Figure 3. Different chemical models of the bulk silicate Earth. (a) Whole mantle model, in which no vertical stratification is assumed for both major and trace elements. This is adopted as a reference model in this article and is equivalent to Figure 2b. (b) Layered-mantle model popular in geochemistry. The lower layer is enriched in incompatible trace elements, but the two layers are almost identical in terms of major element composition. (c) Layered-mantle model popular in mineral physics. The lower layer is different from the upper layer in major elements, so its trace element composition is likely to be different as well. CC is continental crust, DM is depleted mantle, and PM is primitive mantle.
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 A failure to close global mass balance therefore presents a serious challenge to our understanding of the bulk Earth chemistry. It does not only indicate the presence of a hidden reservoir, but it also makes the BSE composition (and thus heat production) unconstrained (Figure 3c). The BSE composition is meaningful only with whole mantle convection (Figure 3a), and it cannot be used to estimate the composition of a hidden reservoir.
2.1.5. Isotopic Mass Balance and Two Versions of Chondrite Assumptions
 The final kinds of mass balance to be discussed are the ones that involve isotopic ratios such as 143Nd/144Nd, 176Hf/177Hf, and, more recently, 142Nd/144Nd. Though similar to other mass balances discussed so far, isotopic mass balance arguments involve a much more strict definition for the chondrite assumption, warranting a separate treatment.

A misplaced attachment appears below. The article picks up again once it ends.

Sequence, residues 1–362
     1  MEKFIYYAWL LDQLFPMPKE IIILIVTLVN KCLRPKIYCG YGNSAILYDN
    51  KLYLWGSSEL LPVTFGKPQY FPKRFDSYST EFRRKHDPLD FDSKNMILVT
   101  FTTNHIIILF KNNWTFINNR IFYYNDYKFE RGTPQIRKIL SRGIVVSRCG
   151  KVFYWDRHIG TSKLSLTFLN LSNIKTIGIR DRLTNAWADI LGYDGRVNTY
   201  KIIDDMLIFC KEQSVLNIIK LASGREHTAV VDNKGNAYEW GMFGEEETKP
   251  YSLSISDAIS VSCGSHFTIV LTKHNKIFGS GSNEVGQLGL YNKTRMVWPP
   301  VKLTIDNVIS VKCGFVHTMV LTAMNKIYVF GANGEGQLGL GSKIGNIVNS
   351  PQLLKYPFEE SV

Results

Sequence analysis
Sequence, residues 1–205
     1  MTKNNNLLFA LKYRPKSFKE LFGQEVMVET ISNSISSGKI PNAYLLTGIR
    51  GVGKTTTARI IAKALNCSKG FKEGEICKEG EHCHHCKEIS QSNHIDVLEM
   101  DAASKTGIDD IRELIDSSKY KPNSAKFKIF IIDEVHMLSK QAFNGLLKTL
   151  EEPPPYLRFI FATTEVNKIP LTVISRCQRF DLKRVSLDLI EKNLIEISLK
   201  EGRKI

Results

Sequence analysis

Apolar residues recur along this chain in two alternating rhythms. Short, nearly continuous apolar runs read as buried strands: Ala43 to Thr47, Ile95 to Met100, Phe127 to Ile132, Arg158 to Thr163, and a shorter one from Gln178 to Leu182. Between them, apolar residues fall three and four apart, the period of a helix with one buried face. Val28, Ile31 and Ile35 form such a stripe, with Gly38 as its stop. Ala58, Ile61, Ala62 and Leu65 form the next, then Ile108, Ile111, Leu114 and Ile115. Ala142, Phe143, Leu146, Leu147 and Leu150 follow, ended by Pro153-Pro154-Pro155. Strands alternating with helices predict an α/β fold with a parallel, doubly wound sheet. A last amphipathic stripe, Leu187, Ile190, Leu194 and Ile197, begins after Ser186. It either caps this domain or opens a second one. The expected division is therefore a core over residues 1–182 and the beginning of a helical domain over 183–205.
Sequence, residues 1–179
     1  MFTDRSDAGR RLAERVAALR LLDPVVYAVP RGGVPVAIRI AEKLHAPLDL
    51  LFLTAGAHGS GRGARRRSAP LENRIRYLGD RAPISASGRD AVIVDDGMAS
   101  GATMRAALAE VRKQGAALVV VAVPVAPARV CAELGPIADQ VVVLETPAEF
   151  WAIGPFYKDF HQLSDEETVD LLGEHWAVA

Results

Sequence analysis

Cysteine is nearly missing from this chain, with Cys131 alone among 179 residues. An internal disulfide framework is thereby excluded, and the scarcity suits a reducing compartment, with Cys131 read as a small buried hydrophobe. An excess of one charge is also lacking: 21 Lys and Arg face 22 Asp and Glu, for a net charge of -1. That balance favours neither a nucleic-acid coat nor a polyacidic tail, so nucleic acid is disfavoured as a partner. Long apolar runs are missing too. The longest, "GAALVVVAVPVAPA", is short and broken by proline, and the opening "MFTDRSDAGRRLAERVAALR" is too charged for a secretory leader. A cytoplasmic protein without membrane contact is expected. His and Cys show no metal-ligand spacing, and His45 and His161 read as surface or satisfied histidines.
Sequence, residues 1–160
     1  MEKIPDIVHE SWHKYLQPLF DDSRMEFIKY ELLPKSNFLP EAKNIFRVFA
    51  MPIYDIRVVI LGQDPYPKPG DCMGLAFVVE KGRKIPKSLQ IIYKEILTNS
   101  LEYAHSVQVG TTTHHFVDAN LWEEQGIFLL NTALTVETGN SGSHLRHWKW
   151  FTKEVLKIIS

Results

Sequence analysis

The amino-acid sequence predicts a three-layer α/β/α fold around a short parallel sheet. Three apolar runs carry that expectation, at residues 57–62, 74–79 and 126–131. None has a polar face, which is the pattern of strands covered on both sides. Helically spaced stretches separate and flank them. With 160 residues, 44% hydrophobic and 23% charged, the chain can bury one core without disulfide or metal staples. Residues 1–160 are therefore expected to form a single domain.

The 143Nd/144Nd ratio, for example, reflects the long-term evolution of 147Sm/144Nd (or Sm/Nd) as 143Nd is a decay product of 147Sm. Chondritic meteorites exhibit a tight distribution of 147Sm/144Nd (0.196 ± 0.002), which corresponds to 143Nd/144Nd (0.51263 ± 0.00005) [Patchett et al., 2004, Figure 1] (Note that the ∼1% deviation in 147Sm/144Nd reduces to only ∼0.01% deviation in 143Nd/144Nd because of the long half-life involved.) The 143Nd/144Nd ratio of terrestrial samples is usually compared to this well-defined (present day) chondritic value or its value in the past, and the difference is expressed in the ε143Nd notation defined as
where t is the age of a sample and CHUR refers to a chondritic uniform reservoir. A common argument is that the BSE ε143Nd would be ∼5 if CC contains 20 ppm Nd with ε143Nd of −16 and DM contains 0.7 ppm Nd with ε143Nd of 9 [e.g., Lassiter, 2004]. A major source of uncertainty is the depleted mantle, which stores more than 80% of total Nd in this mass balance. Though both ε143Nd and Nd content of MORB vary from sample to sample by ∼30%, they tend to be negatively correlated (i.e., a more enriched sample has a lower ε143Nd) [e.g., Hofmann, 2003, Figure 14], so it is difficult to lower the BSE ε143Nd below ∼3 even if we take into account all of the likely uncertainties (though a more complete statistical study of MORB chemistry may indicate otherwise in the future). Because chondritic samples show ε143Nd of ±1 as mentioned above, this relatively high BSE value seems to require a hidden reservoir with low Sm/Nd (i.e., enriched in incompatible elements because Nd is more incompatible than Sm).